But isn’t Roberts simply following the law?

There is an incredible amount of existing legal precedent (thousands of cases have been decided by the U.S. Supreme Court, and many thousands of additional cases have been decided by the numerous federal courts of appeals and federal district courts. Careful readings of these cases demonstrate that considerable numbers of these legal holdings conflict in both minor and major ways with one another. This ever-growing sometimes convoluted body of decided cases is the backdrop the work of judges, and they are charged to follow precedent, except when they choose not to, and–this is a critical point–their breaks from precedent (e.g., Brown v. Board of Education) constitute some of the Court’s best moments. This backdrop makes for a strange formula for jurisprudential “rigor.” So let’s not pretend that judges are simply sitting on the bench to “follow the law” as though they were solving binomial equations. There is immense opportunity to insert one’s own personal biases in a legal opinion, thanks to the many paths offered by precedent combined with human ingenuity. Recent examples of legal analysis by Jay Bybee (now JUDGE Bybee) would suggest that there is no limitation at all–that legal reasoning is merely a political power exercised by a person wearing a robe.

Lest someone think that this is a hatchet piece on Roberts, I need to point out that I am sympathetic with a few of Roberts “conservative” themes. As one example, I am highly suspicious of judicial remedies for “racial” discrimination where those remedies impose widespread societal changes based on “race.” We should be moving away from a belief in “race,” not further legitimizing it. My personal bias is that we need to get to the point where we can all proudly say that we are all human beings or even that “We are all Africans.”

No one denies that Roberts is affable or that he is a lawyer who knows “the law” inside and out. Based on the convoluted set of existing law, though, combined with the immense discretion available to judges (under the cloak of “follow the law”), lawyers and judges can almost always find principles and cases to support almost any position they care to take. Throughout the history of jurisprudence, then, recurring questions are how should a judge choose among competing precedent and how should a judge apply that precedent? The point was illustrated well by Barack Obama, who as a Senator cast a vote opposing the appointment of Roberts:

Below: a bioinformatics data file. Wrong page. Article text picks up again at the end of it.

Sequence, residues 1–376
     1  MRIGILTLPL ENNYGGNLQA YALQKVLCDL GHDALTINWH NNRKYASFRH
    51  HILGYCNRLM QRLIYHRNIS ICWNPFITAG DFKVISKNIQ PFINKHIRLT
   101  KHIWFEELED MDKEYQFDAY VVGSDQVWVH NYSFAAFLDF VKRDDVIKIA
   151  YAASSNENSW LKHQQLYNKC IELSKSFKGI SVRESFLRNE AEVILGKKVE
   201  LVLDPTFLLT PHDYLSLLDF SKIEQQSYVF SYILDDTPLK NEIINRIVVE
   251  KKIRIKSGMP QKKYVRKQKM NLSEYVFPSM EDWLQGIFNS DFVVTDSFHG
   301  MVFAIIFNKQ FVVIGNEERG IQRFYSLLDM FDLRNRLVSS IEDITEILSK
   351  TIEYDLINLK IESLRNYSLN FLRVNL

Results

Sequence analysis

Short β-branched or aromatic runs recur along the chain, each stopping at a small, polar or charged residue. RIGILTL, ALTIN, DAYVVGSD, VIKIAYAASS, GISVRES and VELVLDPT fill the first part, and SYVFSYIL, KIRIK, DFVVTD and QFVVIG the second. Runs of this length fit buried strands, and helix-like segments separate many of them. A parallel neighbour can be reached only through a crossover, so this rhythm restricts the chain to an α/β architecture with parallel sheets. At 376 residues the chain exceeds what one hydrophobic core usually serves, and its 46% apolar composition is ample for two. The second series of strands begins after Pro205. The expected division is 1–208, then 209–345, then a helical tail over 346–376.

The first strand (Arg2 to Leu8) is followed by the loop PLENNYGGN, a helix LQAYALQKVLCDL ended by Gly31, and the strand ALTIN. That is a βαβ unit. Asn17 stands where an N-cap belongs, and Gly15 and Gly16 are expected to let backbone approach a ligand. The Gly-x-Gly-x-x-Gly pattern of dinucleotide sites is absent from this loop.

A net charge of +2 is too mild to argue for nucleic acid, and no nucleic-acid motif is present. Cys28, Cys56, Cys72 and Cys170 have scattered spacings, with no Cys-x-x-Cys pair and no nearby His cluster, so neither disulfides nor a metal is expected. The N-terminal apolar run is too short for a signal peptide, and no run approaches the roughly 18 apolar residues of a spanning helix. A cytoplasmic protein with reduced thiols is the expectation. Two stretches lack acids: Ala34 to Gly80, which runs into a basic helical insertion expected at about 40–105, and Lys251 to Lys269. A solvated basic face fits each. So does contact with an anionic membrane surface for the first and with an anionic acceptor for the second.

In his Senate speech on that vote, Obama praised Roberts’s intellect and integrity and said that he would trust his judgment in about ninety-five per cent of the cases before the Supreme Court. “In those five per cent of hard cases, the constitutional text will not be directly on point. The language of the statute will not be perfectly clear. Legal process alone will not lead you to a rule of decision,” Obama said. “In those circumstances, your decisions about whether affirmative action is an appropriate response to the history of discrimination in this country or whether a general right of privacy encompasses a more specific right of women to control their reproductive decisions . . . the critical ingredient is supplied by what is in the judge’s heart.” Obama did not trust Roberts’s heart.

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The storms are still gathering . . . but these are better

April 17, 2009 | By | Reply More
The storms are still gathering . . . but these are better